Sunday, June 6, 2010
Ken Danby, Photorealist artist.
Biography of Ken Danby
Born March 6th 1940 - Died September 23rd 2007.
Canadian photorealist artist born in Sault Ste. Marie, Ontario. He knew from an early age that he wanted to be an artist and was support in that dream by his parents, Gertrude and Edison Danby.
His brother, Marvin, four years his senior, displayed natural abilities and interest in creating art as a teenager, which he later set aside. Ken credits Marvin's early interest with inspiring his own. Their parents were very supportive when Ken's artistic skills expanded throughout his elementary years at Cody Public School, Ken Danbywhere he became known as "the school artist", and they soon became aware of the serious degree of his interest. When he was ten years old, in Grade Six, he informed them that he wanted to become an artist, and that a guidance teacher had advised him of a school called the Ontario College of Art, where he could study art. Eight years later, in 1958, he enrolled.
Despite certain anxieties for their son's future, Gertrude and Edison resolved to continue their support for Ken's ambitions as he was unwavering in his determination. Even when he quit the college two years later because of the college's emphasis on abstract art, he did so with a belief that it was the right decision for him. He spent the following three years experimenting with his art before settling on photorealism, inspired by the work of Andrew Wyeth, an American photorealist.
His first one man show in 1964 sold out, setting an example that was often repeated. Private, corporate and museum collectors responded enthusiastically to Danby's work and Danby was recognized as one of the world's foremost photorealist painters. Danby's work has been the subject of several books ranging from reference publications to biographies.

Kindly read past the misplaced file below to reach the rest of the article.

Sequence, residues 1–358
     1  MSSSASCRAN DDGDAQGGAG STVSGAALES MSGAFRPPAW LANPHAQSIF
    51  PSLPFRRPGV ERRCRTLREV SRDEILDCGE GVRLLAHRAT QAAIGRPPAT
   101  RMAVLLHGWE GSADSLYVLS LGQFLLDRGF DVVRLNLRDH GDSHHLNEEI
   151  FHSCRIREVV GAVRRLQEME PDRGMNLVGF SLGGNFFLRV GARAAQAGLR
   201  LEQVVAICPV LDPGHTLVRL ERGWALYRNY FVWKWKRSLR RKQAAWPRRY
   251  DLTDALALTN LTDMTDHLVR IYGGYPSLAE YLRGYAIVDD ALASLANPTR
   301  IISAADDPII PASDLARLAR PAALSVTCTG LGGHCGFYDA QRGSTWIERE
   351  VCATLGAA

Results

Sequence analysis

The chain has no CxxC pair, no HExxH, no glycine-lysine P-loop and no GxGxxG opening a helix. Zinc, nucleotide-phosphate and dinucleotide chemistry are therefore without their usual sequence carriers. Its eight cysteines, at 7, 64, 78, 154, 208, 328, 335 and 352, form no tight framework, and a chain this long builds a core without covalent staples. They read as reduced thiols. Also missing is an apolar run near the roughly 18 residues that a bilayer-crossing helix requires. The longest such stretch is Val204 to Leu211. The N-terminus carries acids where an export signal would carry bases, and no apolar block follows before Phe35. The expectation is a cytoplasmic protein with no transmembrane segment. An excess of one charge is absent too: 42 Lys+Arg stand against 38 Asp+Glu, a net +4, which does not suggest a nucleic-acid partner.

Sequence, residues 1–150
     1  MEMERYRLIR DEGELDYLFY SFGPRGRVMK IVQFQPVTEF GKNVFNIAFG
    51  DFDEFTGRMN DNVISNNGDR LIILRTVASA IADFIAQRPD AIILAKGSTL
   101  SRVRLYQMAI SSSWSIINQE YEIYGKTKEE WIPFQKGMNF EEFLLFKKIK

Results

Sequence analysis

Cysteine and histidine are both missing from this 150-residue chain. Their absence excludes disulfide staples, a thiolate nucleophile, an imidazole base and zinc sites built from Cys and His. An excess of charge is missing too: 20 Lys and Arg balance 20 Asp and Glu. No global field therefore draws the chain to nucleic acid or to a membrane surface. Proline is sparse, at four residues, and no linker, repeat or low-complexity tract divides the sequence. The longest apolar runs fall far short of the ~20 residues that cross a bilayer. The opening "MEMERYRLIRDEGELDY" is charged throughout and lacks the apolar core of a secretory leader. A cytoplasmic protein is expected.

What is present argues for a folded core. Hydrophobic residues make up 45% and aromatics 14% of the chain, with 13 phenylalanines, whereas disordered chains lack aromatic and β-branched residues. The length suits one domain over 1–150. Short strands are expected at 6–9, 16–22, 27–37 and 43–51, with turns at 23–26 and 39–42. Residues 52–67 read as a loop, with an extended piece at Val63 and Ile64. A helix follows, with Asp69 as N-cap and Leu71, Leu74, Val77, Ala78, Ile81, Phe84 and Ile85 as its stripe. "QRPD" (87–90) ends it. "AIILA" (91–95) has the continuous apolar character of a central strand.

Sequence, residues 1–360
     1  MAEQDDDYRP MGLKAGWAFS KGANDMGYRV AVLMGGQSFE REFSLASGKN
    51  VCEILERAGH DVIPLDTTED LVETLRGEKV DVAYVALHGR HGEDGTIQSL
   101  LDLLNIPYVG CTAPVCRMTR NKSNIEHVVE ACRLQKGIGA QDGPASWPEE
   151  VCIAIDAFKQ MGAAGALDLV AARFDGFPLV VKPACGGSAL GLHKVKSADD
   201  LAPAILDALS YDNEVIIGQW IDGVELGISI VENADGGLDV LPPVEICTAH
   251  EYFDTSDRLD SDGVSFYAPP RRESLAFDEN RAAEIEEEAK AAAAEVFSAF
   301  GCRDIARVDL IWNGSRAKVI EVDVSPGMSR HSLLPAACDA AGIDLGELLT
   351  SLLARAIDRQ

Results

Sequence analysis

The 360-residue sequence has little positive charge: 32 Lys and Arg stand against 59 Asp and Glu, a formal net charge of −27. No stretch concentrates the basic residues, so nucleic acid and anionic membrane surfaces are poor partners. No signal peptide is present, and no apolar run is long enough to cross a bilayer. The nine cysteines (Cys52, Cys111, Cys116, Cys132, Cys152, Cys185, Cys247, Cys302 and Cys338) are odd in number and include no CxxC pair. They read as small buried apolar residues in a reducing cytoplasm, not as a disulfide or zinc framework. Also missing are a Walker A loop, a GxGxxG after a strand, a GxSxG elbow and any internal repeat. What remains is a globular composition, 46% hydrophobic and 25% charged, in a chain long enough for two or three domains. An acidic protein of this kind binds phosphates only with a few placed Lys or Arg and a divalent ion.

When asked to identify his favourite work, his answer was consistently "my next one."
Danby's photorealism drew the attention of collectors and sustained commercial success throughout his career. Living and working on a sprawling 20-hectare retreat just outside Guelph, a place he called his "sanctuary," Danby cared less about the sale of the work than the process of painting.
His rural property included a grand 1856 stone mill beside the river, overlooked by the original miller's stone house, a horse stable, and a renovated barn building, which served as an office for his publishing company. Together with his wife and favourite model, Gillian, he enjoyed the privacy of his scenic and historic surroundings which have often been reflected in his paintings.
"The fulfilment of that painting is in its completion, not about where it goes. I don't worry about them selling, I don't worry about them finding a home," Danby said.
Extract from: ArtHistory Archived site: Please Click here to see the article onsite.
Fredericks-Artworks Blog, copying policy
The Canadian Copyright act, section 29 reports on fairdealing, that it is not an infringement to reproduce someone else's work for research, study, criticism, review or to report. Which pretty much sums up what this site is about. All content sources, be they artists, printed references, and website url's are respectfully identified on this site. http://http//www.canlii.org/en/ca/laws/stat/rsc-1985-c-c-42/latest/rsc-1985-c-c-42.html
A Portrait of the Visual Arts in Canada, is intended to celebrate the richness of Canada's visual arts, and to promote the arts in Canada.
Statement of Intent
I make every effort to credit the sources of information used in this blog and to obtain the permission and cooperation of all the works presented by living artists. I try, as much as possible to use works from public sources eg. national and provincial collections, of deceased artists. If for any reason, any artist disapproves of anything written about them or their work the artist is encouraged to request withdrawal of the content.